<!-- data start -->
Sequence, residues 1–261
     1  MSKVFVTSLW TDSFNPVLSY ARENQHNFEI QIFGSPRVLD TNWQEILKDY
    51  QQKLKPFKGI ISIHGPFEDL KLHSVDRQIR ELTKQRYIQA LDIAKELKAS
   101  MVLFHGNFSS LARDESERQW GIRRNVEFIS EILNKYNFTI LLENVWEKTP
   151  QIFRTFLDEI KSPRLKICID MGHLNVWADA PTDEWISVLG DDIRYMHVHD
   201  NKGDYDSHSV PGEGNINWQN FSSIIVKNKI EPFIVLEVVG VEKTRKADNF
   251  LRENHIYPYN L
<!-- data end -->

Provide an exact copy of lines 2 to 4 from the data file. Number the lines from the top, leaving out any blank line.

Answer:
     1  MSKVFVTSLW TDSFNPVLSY ARENQHNFEI QIFGSPRVLD TNWQEILKDY
    51  QQKLKPFKGI ISIHGPFEDL KLHSVDRQIR ELTKQRYIQA LDIAKELKAS
   101  MVLFHGNFSS LARDESERQW GIRRNVEFIS EILNKYNFTI LLENVWEKTP